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This edition is published under a special arrangement with THE CENTURY Co., publishers of the complete works of A BRA H A M Lincoln and owners of copyright material relating to MR. LINCOLN
LETTERS AND ADDRESSES OF
[From an address to the people of Sangamon county,
Illinois, at New Salem, 9 March 1832. Lincoln's first public speech. ]
Every man is said to have his peculiar ambition. Whether it be true or not, I can say, for one, that I have no other so great as that of being truly esteemed of my fellow-men, by rendering myself worthy of their esteem. How far I shall succeed in gratifying this ambition is yet to be developed. I am young, and unknown to many of you. I was born, and have ever remained, in the most humble walks of life. I have no wealthy or popular relations or friends to recommend me. My case is thrown exclusively upon the independent voters of the country; and, if elected, they will have conferred a favor upon me for which I shall be unremitting in my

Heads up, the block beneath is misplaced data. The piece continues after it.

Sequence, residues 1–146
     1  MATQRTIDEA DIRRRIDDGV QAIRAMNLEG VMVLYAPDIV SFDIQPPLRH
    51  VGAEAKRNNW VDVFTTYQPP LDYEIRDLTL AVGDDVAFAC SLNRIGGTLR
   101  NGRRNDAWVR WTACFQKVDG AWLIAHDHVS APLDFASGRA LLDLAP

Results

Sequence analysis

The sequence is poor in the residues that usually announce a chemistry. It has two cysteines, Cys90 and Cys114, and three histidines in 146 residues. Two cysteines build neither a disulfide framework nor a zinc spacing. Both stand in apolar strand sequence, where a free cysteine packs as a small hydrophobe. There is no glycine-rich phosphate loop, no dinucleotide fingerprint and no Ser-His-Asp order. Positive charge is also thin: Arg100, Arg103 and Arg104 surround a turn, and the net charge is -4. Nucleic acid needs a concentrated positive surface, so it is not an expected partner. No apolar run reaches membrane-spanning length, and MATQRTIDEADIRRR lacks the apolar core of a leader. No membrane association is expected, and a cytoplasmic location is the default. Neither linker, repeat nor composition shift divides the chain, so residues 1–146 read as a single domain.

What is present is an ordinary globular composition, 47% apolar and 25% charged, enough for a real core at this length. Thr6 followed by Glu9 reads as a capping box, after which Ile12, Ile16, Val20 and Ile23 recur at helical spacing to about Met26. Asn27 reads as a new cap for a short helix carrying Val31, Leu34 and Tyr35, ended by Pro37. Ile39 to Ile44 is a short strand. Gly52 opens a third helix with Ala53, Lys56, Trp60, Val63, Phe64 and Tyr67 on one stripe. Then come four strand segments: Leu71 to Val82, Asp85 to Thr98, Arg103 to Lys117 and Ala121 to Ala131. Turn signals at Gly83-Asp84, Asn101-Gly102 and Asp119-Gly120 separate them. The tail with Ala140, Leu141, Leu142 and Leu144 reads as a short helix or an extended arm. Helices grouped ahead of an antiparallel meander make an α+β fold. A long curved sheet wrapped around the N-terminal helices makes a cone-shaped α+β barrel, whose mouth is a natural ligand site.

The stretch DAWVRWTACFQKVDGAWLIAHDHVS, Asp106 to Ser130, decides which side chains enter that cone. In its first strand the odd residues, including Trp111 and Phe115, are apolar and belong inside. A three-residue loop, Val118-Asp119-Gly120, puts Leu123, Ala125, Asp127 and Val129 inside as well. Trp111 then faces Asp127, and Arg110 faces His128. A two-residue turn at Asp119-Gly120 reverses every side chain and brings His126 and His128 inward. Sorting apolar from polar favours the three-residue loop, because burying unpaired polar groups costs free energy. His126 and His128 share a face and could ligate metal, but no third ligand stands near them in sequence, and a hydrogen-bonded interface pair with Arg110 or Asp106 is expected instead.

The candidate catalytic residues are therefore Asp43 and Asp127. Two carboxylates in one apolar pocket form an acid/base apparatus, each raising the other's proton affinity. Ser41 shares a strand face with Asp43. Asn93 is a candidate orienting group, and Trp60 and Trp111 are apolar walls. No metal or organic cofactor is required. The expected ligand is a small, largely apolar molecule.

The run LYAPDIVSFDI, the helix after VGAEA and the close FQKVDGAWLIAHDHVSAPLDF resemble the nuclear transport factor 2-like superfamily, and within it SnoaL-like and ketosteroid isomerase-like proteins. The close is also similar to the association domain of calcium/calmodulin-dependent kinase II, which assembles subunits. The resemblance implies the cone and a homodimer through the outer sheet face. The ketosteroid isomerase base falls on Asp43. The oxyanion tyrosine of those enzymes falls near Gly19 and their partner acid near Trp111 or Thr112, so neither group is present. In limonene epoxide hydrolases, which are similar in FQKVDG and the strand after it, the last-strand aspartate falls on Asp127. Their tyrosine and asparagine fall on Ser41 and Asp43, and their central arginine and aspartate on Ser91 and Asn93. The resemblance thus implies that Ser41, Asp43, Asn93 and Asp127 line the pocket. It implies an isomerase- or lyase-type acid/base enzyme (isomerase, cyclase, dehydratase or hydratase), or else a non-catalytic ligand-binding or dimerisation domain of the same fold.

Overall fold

labors to compensate. But, if the good people in their wisdom shall see fit to keep me in the background, I have been too familiar with disappointments to be very much chagrined.
[Letter to the editor of the Sangamon Journal, New Salem,
13 June 1836.] To the Editor of the “ Journal” : In your paper of last Saturday I see a communication, over the signature of “Many Voters," in which the candidates who are announced in the “Journal” are called upon to “show their hands.” Agreed. Here's mine.
I go for all sharing the privileges of the government who